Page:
The Budding Business of Cannabis

Cannabis/CBD marketing faces some current challenges, but also a huge future as the legal landscape clears

By David Ward

A marijuana leaf replaces the maple leaf in a design of the Canadian flag on a macchiato. The recreational use of marijuana became legal in Canada in late 2018, and the same is happening on a state-by-state basis in the U.S., creating a new market (and a haze of legal uncertainty) for advertisers. picture alliance/Getty Images

It's hard to predict the future, but there are few people who don't expect cannabis to emerge as a major consumer category in the next decade, with both start-ups and well-established CPG companies competing to provide health and wellness, as well as lifestyle products, once the legal landscape becomes clearer.

In the U.S., legal marijuana could reach $47 billion a decade from now, with some projections putting that number closer to $90 billion by 2028. In addition, there are estimates that more than $20 billion annually will be spent on hemp-derived health products, most notably CBD (Cannabidiol), by 2022.

The opportunities presented by legal cannabis have already triggered massive investments from the tobacco giant Altria, Anheuser-Busch InBev, Constellation Brands, and a host of others in cannabis-related companies.

"Today in the U.S, cannabis users tend to be men under 40 who use it for enjoyment," says David Dancer, CMO at MedMen, which is both building a national retail brand and developing its own line of private-label cannabis products. "But from a recent survey we did, the real key for us is that 30 percent of the U.S. population is interested in trying cannabis. And of that 30 percent, half are women."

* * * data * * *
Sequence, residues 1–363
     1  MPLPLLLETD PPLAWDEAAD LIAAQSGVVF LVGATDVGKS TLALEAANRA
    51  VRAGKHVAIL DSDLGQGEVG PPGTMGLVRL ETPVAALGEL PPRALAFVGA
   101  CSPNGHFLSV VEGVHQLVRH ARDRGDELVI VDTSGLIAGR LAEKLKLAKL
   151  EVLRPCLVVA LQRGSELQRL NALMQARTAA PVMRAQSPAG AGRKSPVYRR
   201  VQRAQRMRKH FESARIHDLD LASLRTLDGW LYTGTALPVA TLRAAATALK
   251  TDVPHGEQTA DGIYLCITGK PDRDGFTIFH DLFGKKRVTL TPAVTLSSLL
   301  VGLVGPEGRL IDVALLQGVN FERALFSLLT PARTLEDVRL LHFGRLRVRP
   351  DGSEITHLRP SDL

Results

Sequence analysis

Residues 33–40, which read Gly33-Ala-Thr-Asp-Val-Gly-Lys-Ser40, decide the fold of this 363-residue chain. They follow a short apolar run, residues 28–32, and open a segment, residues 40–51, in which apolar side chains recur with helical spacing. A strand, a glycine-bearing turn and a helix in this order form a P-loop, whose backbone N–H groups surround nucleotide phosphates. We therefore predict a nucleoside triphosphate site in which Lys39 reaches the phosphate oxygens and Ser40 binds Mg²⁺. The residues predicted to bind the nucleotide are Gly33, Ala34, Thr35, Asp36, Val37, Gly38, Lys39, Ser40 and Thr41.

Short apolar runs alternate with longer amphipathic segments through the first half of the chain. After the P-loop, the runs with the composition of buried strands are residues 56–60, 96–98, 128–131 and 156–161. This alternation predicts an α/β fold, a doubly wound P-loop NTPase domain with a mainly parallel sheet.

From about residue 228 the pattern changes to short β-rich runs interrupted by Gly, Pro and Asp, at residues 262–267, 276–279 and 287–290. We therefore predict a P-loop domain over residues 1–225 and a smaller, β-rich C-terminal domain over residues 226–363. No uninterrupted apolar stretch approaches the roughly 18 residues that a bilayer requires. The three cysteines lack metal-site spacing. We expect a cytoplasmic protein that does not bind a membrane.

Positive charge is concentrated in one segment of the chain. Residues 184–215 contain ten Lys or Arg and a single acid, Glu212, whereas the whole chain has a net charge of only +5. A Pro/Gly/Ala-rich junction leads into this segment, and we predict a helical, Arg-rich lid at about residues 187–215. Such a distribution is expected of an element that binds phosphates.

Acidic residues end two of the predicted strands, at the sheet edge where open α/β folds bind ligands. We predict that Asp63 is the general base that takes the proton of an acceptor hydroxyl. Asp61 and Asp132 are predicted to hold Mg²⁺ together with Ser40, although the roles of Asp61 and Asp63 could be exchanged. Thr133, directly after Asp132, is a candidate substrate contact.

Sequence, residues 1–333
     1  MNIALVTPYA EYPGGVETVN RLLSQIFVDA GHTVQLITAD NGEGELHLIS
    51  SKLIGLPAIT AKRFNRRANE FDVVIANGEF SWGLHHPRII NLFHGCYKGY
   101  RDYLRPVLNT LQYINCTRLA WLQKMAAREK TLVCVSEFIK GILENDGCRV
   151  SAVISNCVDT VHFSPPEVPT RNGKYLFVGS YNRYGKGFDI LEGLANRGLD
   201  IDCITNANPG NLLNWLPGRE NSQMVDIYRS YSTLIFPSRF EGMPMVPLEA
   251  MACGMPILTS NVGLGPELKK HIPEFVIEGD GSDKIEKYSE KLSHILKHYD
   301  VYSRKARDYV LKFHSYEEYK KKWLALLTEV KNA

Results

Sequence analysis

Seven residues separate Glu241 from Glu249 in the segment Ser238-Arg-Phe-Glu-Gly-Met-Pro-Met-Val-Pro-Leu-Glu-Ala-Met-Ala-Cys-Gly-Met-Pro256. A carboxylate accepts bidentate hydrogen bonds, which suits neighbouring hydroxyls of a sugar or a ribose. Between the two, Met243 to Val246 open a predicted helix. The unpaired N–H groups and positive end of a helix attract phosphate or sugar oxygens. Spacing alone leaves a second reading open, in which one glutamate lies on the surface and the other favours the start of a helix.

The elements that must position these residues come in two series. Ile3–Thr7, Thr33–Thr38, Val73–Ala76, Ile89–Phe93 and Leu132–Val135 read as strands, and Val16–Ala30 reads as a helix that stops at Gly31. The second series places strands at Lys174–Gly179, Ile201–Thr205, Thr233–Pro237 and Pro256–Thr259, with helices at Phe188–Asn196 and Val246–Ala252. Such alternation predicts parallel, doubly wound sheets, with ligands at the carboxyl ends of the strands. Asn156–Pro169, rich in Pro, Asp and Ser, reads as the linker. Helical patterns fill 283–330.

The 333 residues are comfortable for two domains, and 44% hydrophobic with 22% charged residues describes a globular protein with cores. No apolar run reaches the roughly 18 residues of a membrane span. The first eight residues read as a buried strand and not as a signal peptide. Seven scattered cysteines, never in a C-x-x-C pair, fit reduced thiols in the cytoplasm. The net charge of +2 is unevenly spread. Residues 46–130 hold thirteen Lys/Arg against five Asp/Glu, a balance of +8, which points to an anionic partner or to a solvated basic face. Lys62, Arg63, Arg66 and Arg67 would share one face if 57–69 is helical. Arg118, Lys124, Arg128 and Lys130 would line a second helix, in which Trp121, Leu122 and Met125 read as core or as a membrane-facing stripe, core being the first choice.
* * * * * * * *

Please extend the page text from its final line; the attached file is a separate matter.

Cannabis is also a potential boon for the advertising industry, which will be tasked not just with creating new brands, but with educating consumers regarding the uses and benefits of marijuana products.

"We're really excited about the category," says Harris Damashek, CMO at Acreage Holdings, a New York-based company with a diverse portfolio of cannabis cultivation, processing, and dispensing operations in the U.S.

Asked if the marketing and advertising surrounding cannabis could eventually reach $1 billion annually, Damashek says, "Given how widespread this will be across so many product categories, that number will be even bigger and it likely won't take 10 years."

Efforts to reposition marijuana for the mass market have already begun, says Taylor West, senior communications director at Cohnnabis, the cannabis division of Denver-based advertising firm Cohn Marketing.